Chow Chung-yan

You have probably tried Sichuan cuisine if Chinese food is of any interest to you. Its liberal use of chilli peppers, Chinese corianders and other spices creates a distinctively sharp and intense flavour. Just by mentioning Sichuan food, images of hot, red chillies immediately spring to mind.

In fact, chillies came to Sichuan (四川) relatively late. It was probably the last major Chinese province where people used the ingredient in daily cooking. The first mention of it in Sichuan is to be found in the government annals of Dayi County from 1749. It took decades to become popular.

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By then, chilli peppers – which come from native American shrubs unknown to the rest of the world until Christopher Columbus fumbled across the ocean – had been in use in China for a century or two. They were brought by Portuguese traders to China in the 15th century and first recorded in Zhejiang (浙江) province, where people are known for their aversion to spicy food.

Chilli peppers were first kept as garden plants for their colours and exotic shapes – and not eaten. It took another three decades for them to spread to Hunan (湖南) and Hubei (湖北), where they became a hit in the kitchen. Cooks in Guizhou (貴州), perennially short of salt, also began to use chilli for seasoning. In the northeast, eating chillies caught on thanks to Korea’s influence.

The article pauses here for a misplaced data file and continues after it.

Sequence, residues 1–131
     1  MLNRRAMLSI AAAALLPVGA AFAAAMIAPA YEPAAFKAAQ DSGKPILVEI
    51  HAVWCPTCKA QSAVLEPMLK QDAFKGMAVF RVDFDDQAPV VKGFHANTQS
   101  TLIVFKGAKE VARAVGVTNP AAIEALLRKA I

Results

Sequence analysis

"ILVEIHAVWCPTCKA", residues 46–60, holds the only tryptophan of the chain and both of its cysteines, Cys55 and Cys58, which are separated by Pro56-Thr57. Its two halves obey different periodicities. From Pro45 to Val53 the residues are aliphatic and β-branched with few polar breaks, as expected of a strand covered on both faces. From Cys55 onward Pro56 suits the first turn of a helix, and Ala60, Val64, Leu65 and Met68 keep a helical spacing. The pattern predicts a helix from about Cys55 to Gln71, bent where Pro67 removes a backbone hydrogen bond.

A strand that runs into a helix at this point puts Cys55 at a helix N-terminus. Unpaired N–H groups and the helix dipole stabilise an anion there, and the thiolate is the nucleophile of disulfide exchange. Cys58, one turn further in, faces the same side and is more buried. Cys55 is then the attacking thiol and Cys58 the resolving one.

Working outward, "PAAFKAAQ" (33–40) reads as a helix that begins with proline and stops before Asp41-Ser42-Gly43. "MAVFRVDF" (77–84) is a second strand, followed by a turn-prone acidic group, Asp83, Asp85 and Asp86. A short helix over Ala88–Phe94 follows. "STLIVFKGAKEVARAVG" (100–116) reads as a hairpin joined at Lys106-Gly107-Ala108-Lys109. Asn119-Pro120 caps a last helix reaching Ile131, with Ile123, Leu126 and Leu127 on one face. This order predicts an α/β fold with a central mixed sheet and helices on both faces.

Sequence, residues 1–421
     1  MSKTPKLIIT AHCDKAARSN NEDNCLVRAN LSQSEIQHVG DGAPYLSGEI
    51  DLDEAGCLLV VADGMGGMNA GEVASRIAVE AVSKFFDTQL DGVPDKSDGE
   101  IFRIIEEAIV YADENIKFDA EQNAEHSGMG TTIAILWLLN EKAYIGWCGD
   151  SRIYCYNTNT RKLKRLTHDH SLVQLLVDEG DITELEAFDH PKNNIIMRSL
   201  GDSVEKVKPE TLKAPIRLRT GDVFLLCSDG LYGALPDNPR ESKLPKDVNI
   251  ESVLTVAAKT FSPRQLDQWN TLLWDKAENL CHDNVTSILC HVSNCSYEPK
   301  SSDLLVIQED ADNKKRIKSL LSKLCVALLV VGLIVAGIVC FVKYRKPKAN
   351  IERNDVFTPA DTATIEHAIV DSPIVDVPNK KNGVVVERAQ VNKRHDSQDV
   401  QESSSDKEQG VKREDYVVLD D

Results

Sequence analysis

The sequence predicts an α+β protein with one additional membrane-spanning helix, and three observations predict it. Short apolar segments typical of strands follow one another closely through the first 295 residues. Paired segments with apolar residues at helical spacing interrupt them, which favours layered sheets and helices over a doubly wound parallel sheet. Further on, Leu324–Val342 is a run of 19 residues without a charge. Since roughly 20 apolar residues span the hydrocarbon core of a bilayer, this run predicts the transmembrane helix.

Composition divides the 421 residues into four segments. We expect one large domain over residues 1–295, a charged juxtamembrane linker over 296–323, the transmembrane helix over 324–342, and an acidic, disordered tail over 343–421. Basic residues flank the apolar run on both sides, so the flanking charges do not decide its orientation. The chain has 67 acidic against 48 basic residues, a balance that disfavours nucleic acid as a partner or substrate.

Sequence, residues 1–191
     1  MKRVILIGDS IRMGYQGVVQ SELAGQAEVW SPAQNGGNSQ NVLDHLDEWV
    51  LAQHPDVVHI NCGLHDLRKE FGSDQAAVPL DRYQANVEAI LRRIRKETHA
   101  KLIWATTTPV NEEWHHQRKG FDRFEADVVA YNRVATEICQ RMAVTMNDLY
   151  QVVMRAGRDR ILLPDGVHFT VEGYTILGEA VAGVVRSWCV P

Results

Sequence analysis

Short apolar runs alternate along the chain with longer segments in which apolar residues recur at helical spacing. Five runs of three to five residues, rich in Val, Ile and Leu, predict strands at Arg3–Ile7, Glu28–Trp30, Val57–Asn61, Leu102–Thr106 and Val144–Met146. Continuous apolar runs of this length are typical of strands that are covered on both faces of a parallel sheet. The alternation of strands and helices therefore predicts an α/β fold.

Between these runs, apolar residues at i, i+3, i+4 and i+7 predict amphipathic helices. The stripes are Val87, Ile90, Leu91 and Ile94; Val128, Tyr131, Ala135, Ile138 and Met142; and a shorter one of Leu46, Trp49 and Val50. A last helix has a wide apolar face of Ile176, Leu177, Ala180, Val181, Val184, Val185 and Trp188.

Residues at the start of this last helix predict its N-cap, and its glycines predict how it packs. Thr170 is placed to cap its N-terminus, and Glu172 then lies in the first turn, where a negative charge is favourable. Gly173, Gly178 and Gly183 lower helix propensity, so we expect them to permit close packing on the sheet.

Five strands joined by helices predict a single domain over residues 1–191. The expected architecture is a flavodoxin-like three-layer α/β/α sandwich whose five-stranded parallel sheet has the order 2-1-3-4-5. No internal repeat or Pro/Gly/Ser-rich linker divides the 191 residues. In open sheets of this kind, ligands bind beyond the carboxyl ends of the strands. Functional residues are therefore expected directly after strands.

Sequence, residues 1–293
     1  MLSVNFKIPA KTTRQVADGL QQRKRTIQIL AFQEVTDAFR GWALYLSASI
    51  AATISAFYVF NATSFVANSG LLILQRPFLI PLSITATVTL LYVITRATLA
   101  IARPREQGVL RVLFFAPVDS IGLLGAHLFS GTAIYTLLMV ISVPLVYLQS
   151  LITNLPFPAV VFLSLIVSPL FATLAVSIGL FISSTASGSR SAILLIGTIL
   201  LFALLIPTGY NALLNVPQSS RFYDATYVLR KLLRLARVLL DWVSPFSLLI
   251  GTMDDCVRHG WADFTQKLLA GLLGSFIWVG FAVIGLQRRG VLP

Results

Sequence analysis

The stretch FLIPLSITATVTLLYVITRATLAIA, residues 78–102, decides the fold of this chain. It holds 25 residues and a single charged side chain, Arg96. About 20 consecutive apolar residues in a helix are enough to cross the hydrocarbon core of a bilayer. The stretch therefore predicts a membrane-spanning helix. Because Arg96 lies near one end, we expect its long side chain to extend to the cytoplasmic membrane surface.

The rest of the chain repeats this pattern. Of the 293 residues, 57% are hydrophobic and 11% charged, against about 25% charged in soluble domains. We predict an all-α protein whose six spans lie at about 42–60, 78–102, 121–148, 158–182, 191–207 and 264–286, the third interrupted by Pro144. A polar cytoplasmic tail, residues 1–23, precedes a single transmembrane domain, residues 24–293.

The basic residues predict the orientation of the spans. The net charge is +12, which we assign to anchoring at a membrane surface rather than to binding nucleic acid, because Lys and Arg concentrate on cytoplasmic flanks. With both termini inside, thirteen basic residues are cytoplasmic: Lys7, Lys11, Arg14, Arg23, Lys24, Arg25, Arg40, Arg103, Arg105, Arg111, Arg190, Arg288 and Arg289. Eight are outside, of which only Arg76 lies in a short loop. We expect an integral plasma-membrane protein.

Chongqing-style duck's tongue and chicken knuckles with dried chilli and Sichuan peppercorn from Dragonville in Jordan, Hong Kong. File photo

Sichuan, with a culinary history renowned for millennia, was late to the party. The province was known for its fine Chinese corianders, star anise, and other spices. Until the Qing dynasty, it was China’s prime sugar-producing province. Brine wells in Zigong (自貢) are legendary. The Sichuanese have always had plenty of choice when it comes to seasoning. Then the devastating civil war in the late Ming dynasty broke out. The bandit army under Zhang Xianzhong – aka the Yellow Tiger – systematically sacked towns and cities in Sichuan, massacring their populations. The war almost totally depopulated the province. Sugar cane plantation disappeared.

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The Qing government began moving people from Hunan, Hubei and Guangxi ( 廣西 ) to rebuild Sichuan. These migrants brought chillies and a “fusion” cuisine was born.

Kiyoshi Kimura, president of sushi restaurant chain store Kiyomura Co., with a 200kg bluefin tuna sold for 14 million yen at Tsukiji Market. Photo: EPA

Many cuisines we think of as “traditional” are actually modern inventions. Toro sushi, a delicacy consumed by millions around the world, is another case in point. Toro – the choicest cuts from bluefin tuna – is often the most prized piece on a sushi platter. But before the invention of the refrigerator – first designed to store butter – tuna was avoided by discerning diners. By the time fishing boats returned from days-long voyages, their red-fleshed tuna were starting to go off. Japanese at the time preferred delicate white-flesh snappers and breams for their sweetness and freshness.